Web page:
The Phillies, who sell the most expensive cup of beer in the National League, are skimming their suds.
It’s a racket that costs beer-drinking fans at Veterans Stadium nearly a half-million bucks a year.
Every time you buy a cup, you’re being shorted a sip of cold, ballpark brew.
In a town where beer is a fundamental part of baseball lore (remember the old Ballantine scoreboard at Connie Mack?), failing to give an honest pour is worse than striking out with the bases loaded.
Joe Sixpack uncovered the rampant short-cupping during Tuesday night’s game against the Reds.
In a random sampling of the Vet concessions, I found that the ballclub’s $5 purported 18-ounce cup of draft brew actually contains, at most, just 16 ounces of beer. A 12-ounce cup typically contains 10 or 11 ounces.
Those two ounces may not sound like much, but check out the math:
Estimated cups of beer sold in 1997: 750,000.
Value of skimmed suds at 2 ounces per cup: $495,000.
By short-changing ballpark boozers, the Vet gets up to 14 extra cups from every keg. That’s $90 extra revenue from each of the thousands of kegs tapped each season.
Ogden Entertainment, the $16 million-a-year company that runs the Vet’s concessions, denied any ripoff.
The company, which lately has been fending off complaints about foul-tasting, overpriced hot dogs, refused to answer questions.
Instead, it faxed a 58-word statement that says, “Our large beer has always been properly filled – leaving room for a head. ”
Brian Hastings, Ogden’s service manager at the stadium, adds in the statement: “In our 13 years at the Vet, we’ve never had a complaint about the beer. ”
Yet, as I wandered through the stadium’s concourses in search of an honest beer Tuesday night, I came up empty.
Armed with a plastic measuring cup from a local dollar store, I measured 10 draft beers. Budweiser or Miller Lite, it didn’t matter: each 18-ounce cup barely made it to the 16-ounce marker.
(My spigot sampling was confirmed during another visit by fellow Daily News reporter Frank Dougherty. )
Though the tap-tender often meticulously filled each cup to the brim, the result was a deficit in the draft.
The problem is a matter of simple physics: The Vet’s cups are too small to properly contain 18 ounces of beer.
Fill a cup with a minimal head (both Miller and Budweiser recommend at least a half-inch), and you get just 16 ounces of beer.
That’s not enough.
The stadium’s beer signs clearly advertise 18-ounce beers, not 18-ounce cups partially filled with beer.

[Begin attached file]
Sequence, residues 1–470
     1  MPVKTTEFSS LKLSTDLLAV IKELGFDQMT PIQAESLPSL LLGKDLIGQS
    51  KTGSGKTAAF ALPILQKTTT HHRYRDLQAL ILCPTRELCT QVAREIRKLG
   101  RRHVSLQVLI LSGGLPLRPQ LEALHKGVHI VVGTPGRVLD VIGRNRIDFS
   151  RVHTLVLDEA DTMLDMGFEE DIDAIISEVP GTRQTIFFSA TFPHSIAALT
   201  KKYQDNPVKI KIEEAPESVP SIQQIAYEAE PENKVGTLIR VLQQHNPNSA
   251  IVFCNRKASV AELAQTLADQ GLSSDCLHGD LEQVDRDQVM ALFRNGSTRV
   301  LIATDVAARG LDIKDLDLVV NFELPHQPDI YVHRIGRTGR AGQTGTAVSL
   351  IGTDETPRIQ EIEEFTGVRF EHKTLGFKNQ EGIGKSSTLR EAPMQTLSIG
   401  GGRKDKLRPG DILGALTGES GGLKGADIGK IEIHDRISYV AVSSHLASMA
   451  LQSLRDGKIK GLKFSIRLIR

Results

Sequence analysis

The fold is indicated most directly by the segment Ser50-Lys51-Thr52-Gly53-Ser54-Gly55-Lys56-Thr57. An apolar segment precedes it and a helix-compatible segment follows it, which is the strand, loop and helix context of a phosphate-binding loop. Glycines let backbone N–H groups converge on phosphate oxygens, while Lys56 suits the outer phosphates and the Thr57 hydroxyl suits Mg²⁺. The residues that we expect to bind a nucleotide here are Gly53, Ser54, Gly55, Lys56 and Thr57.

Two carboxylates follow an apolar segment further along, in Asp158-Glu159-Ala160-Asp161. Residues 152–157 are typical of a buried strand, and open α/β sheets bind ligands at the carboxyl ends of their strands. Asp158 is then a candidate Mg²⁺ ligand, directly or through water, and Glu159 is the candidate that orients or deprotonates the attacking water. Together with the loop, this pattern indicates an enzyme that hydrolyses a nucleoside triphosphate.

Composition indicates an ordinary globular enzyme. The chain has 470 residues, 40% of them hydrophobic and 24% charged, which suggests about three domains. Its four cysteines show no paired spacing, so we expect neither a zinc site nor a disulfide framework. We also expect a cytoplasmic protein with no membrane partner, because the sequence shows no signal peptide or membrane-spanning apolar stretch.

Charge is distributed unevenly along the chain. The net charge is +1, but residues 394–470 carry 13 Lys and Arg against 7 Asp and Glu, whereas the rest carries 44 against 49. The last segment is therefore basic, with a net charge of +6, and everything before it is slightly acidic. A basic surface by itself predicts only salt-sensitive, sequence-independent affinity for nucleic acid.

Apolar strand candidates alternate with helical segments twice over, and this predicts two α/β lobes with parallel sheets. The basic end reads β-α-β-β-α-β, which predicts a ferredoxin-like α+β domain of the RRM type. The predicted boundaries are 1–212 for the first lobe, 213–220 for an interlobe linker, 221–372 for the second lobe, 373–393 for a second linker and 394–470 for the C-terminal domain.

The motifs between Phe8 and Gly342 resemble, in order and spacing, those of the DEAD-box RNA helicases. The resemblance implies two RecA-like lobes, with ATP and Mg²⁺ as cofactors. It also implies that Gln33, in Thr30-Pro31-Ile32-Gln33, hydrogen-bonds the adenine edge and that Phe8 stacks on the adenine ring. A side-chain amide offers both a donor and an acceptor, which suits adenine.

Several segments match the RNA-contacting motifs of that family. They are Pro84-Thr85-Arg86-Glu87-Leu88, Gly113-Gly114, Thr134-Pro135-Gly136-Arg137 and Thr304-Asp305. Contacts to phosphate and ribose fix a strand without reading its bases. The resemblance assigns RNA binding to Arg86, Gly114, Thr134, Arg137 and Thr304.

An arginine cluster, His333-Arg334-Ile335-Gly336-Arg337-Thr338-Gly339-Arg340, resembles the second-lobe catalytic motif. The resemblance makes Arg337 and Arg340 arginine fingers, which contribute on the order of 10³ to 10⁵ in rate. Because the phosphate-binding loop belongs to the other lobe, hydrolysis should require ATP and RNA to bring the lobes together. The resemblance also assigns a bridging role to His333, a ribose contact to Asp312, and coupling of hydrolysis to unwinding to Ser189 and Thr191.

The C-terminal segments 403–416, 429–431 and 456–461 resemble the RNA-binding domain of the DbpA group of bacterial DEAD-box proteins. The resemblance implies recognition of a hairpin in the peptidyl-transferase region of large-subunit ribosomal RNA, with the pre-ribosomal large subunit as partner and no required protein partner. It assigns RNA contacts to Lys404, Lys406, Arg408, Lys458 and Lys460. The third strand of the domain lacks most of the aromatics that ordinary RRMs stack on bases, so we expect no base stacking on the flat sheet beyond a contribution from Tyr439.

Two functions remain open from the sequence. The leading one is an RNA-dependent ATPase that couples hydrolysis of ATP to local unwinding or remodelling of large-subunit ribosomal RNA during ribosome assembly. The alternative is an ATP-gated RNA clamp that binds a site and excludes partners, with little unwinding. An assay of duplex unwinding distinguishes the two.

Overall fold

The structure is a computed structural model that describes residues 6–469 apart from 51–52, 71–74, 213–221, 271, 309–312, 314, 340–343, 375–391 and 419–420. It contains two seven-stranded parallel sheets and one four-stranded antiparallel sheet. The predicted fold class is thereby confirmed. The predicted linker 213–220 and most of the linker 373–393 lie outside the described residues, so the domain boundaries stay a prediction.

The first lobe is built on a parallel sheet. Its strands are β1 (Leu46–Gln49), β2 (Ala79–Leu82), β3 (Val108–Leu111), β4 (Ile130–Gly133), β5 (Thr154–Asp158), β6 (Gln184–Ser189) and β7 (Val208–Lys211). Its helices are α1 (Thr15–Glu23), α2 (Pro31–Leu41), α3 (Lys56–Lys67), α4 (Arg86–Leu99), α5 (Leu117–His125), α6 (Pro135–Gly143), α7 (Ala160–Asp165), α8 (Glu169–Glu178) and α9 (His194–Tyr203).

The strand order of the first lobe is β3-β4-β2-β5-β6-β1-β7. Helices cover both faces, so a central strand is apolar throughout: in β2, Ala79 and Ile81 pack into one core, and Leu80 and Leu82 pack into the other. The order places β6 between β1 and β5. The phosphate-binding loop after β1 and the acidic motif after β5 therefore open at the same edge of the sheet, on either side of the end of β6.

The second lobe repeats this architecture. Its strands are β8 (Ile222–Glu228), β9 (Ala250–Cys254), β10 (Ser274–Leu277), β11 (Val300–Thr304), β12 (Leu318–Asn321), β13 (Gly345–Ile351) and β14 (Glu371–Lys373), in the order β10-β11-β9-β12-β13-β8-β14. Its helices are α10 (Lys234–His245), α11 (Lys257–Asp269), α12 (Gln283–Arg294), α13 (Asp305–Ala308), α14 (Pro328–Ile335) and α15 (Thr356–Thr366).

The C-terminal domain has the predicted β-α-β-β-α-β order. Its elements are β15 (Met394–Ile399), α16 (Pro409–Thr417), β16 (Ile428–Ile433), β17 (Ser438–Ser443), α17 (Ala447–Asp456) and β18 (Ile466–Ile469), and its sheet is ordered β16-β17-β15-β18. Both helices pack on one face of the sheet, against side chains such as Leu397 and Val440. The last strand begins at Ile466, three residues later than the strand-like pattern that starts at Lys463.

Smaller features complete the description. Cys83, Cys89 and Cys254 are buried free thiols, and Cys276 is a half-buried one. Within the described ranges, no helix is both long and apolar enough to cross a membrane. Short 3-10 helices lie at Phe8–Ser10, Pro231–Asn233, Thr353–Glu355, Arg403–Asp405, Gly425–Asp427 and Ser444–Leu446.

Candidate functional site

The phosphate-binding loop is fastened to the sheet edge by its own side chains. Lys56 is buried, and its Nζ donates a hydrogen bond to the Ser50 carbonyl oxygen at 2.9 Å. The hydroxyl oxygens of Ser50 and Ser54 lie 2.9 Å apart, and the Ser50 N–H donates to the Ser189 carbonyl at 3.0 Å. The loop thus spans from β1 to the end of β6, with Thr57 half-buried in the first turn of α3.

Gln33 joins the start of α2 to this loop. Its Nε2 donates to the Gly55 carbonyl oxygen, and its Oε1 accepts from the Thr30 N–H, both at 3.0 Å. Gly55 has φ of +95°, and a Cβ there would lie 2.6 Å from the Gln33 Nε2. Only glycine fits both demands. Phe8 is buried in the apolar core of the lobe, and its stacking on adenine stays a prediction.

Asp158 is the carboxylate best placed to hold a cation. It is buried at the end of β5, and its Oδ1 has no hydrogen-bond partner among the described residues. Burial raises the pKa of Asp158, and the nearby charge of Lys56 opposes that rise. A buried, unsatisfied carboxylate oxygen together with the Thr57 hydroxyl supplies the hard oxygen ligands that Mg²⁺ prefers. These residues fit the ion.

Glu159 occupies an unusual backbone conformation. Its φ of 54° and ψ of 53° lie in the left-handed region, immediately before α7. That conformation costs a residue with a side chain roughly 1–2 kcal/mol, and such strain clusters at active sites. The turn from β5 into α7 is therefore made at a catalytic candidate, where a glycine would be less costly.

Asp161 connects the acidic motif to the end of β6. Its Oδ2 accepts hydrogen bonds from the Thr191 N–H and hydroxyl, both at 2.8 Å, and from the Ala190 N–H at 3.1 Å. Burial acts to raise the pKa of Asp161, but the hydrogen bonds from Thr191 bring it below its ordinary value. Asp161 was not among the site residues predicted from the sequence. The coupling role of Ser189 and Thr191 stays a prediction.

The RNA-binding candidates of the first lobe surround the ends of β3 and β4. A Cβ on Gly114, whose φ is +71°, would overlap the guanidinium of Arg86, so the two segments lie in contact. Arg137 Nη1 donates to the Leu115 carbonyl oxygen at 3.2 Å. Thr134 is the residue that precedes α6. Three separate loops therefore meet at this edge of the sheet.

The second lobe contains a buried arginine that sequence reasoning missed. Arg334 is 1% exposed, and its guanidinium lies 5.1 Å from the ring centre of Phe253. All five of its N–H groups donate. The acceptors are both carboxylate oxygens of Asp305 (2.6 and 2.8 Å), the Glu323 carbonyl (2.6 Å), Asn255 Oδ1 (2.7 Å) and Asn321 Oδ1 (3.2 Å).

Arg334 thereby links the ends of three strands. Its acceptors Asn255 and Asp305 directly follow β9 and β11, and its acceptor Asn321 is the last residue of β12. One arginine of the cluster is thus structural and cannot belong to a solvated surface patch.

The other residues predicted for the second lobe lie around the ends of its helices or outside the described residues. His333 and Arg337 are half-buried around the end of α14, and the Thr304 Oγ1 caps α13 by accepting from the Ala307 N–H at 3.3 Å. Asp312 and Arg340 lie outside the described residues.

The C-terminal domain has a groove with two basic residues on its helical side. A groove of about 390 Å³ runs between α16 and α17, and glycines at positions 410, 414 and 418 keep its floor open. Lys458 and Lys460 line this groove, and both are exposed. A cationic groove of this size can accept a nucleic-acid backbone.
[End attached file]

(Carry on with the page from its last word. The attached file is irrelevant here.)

And experts agreed: the collar of foam in each cup does not count toward the volume of beer.
Bill Siebel, president of America’s most respected beer school, the 126-year-old Siebel Institute in Chicago, said foam is mostly carbon dioxide.
“If you let the foam collapse, you get very little beer out of it,” Seibel said.
Charging baseball fans 33 cents an ounce for air is not just unAmerican, it may be illegal.
In Britian, for example, the law requires ale glasses to be filled to a line that marks a full pint – not including the head. A skinflit publican faces a stiff fine.
In America, beer-pouring is regulated by local weights and measures inspectors. Recently, several towns in California, including San Francisco and Santa Cruz, have cracked down on dishonest pints at brewpubs.
In Philadelphia, it’s up to the city’s Department of Licenses and Inspections, where officials yesterday declined to comment.
The department has a record of going after vendors and manufacturers who cheat consumers. Two years ago, for example, it fined Heinz about $15,000 for selling bottles of ketchup that were about a half-teaspoon underweight.
L&I may have a conflict in enforcing proper beer sales at the Vet, however, because City Hall collects $2.70 from every large cup of beer sold at Phillies games.
The city’s huge bite out of stadium concession sales is one reason beer drinkers at the Vet must shell out the equivalent of a sixpack for just one cup of beer. Only the American League’s Anaheim Angels in pricey Southern California dare charge more.
Even if the Vet poured a full cup, it would bring in about $600 for a keg of domestic beer. For that price, you could buy four kegs of the finest Belgian ale.
But Ogden likely pays only about $40 a keg – if that. Beer insiders say many stadiums receive free beer from distributors as a way of advertising their product.
I figure the stadium’s cost per cup is about 34 cents. At five bucks, the markup is 1,364 percent – even without skimming suds.